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Efficient viewing and overlaying of multi-source maps

Introduction

I've always loved maps. A good map can represent so much information in such a useful way. Old or new, large scale or small, they're all great. I collect historical maps, and bookmark online maps as I find them.

The goal of this project is to create a viewer for maps that are either generated on a computer or are scanned in from paper sources. I want a viewer that allows fast panning and zooming, and that allows markers to be placed by the user or other systems, showing points of interest. Additionally, I want the viewer to support multiple maps for the same region, in such a way that the user can put together a patchwork view of an area from multiple smaller maps, and even choose which map would have precedence if two maps overlap. I want to be able to skew maps that are drawn in different projections, so they can work together.

Why do I want this? It started with another area of interest, genealogy. While researching ancestors, you find information telling where they are at certain times in their lives. Movement is quite typical in the 19th and 20th centuries, mostly from immigrants in Canada and the United States, but even in old world countries. Since I research multiple families, all of which are moving about (many of them heading west in Canada for homesteading), I often wonder how close two different families are at any given time. This made me want a timeline for these families, showing where they were and when. But how best to see where they are? On a map, of course.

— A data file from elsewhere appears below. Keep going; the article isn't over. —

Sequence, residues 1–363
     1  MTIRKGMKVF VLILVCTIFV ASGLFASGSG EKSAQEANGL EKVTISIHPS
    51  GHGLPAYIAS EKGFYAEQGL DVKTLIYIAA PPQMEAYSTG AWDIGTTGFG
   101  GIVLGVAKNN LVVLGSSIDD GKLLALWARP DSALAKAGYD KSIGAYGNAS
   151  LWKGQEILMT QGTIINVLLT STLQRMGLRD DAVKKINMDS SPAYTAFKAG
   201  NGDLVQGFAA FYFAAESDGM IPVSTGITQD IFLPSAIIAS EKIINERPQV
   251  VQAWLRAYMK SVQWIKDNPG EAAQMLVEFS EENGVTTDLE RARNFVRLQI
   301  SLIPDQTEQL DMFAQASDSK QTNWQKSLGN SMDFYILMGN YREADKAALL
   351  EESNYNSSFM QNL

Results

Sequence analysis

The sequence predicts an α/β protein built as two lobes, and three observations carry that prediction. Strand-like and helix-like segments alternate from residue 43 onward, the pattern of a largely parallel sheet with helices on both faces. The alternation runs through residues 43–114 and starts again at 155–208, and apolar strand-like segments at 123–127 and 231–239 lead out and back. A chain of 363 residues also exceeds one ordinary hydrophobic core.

This made me think of a map of Canada and a slider that I could use to move backwards and forwards through time, changing pins on a map as the families moved. But what map? A modern day one, where the places these families lived may no longer exist? No way! Not when I have historical maps of those very locations! This led me to thinking about how to get a patchwork version of Canada in such-and-such year, which wasn't feasible since the maps vary in date. And so from this I came up with the idea of overlaying and patching, allowing the user to not only move the pins through time, but the maps as well. Newer maps would be drawn on top of older ones as they advance through the years, but older maps might still be used where newer ones aren't available.

The project

For now, this webpage is a placeholder for this project, as I'm currently working on one of my many others. This will be tackled in the future, however.

Some points I'll have to address:

Further reading:
^--maps--^
©2002-2017 Wayne Pearson